Report exposes myths and uncomfortable truths about Generation Y

Multi-generational workplace generation YA new report from IBM proves what we at Insight have been arguing for some time; Millennials have some differences to previous generations of employees, but ultimately they have more in common than most commentators acknowledge and their impact on a multi-generational workplace has been completely misrepresented. While the report, Myths, Exaggerations and Uncomfortable Truths, acknowledges Gen Y’s different experience of the digital world, it also demonstrates what we would suggest has been obvious all along; that unless Generation Y has arrived from another planet, it will share many of the strengths, weaknesses, drives, fears and abilities common to other demographic groupings. The study of 1,784 employees from organisations in 12 countries challenges many of the key myths about Generation Y and also lays out a number of ‘uncomfortable truths’ for employers.

“Over the past few years, numerous reports have been published predicting how Millennials (those aged 21–34) would revolutionize the workplace”, write the authors. “All have one common feature: they assume that Millennials are somehow different from their predecessors. The fundamental distinction between Millennials and older employees is their digital proficiency. Millennials are the first generation to grow up immersed in a digital world. Using mobile and social technologies, immediately accessing data, ideas and inspiration and instantly communicating and collaborating is second nature for these digital natives. Yet the buzz about Millennials suggests that the differences go much deeper. The most unflattering commentaries claim that Millennials are “lazy, entitled, selfish and shallow.” More complimentary assertions paint Millennials as open-minded with a strong sense of community fueled by the digital networks they’ve formed, and committed to saving the world.”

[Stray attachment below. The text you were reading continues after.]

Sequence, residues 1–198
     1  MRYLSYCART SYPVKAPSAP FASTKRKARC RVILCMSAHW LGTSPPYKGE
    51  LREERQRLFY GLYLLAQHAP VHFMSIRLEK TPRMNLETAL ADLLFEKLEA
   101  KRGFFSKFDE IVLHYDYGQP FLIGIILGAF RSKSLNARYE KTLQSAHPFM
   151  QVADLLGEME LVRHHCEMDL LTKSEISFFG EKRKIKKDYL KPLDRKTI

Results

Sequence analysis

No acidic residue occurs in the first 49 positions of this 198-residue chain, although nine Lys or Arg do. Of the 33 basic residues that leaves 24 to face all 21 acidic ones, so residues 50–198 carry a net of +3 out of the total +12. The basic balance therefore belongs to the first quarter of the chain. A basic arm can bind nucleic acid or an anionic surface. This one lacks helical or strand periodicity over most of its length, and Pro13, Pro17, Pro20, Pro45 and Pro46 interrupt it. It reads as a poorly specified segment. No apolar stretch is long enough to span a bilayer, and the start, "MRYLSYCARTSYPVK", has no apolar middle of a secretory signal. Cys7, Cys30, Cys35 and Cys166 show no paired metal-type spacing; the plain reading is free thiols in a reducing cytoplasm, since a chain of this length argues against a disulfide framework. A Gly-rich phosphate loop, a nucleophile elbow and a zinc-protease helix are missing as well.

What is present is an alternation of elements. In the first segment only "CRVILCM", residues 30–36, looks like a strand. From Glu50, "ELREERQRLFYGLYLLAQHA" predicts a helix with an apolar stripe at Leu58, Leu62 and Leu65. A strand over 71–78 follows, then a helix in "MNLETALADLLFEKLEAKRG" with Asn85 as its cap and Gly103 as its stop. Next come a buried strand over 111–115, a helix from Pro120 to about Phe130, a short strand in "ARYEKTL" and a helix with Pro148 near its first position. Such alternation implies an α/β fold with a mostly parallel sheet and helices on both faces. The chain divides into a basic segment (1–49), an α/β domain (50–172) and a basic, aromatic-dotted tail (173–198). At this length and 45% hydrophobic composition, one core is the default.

One of the areas highlighted in the report demonstrates how Generation Y has remarkably similar ideas about work to their older colleagues. For example it found that  54 percent of Millennials don’t fully understand their organization’s business strategy (for Baby Boomers, it’s 58 percent); 47 percent of Gen X would leave their current job for another offering more money and a more innovative environment (for Millennials, it’s 42 percent); and  70 percent of Baby Boomers don’t think their organization is effectively addressing the customer experience (for Millennials, it’s 60 percent).

The main myths challenged in the report are:

  • Myth 1: Millennials’ career goals and expectations are different from those of older generations.
  • Myth 2: Millennials want constant acclaim and think everyone on the team should get a trophy
  • Myth 3: Millennials are digital addicts who want to do—and share—everything online, without regard for personal or professional boundaries.
  • Myth 4: Millennials, unlike their older colleagues, can’t make a decision without first inviting everyone to weigh in
  • Myth 5: Millennials are more likely to jump ship if a job doesn’t fulfil their passions.

The report then goes on to list and describe a number of uncomfortable truths for organisations including:

  • Uncomfortable truth 1: Employees are in the dark. Many aren’t sure they understand their organisation’s business strategy—and their leaders are partly to blame.
  • Uncomfortable truth 2: All three generations think the customer experience is poor
  • Uncomfortable truth 3: Employees of all ages have embraced the technological revolution. The problem? Their enterprises are slow to implement new applications.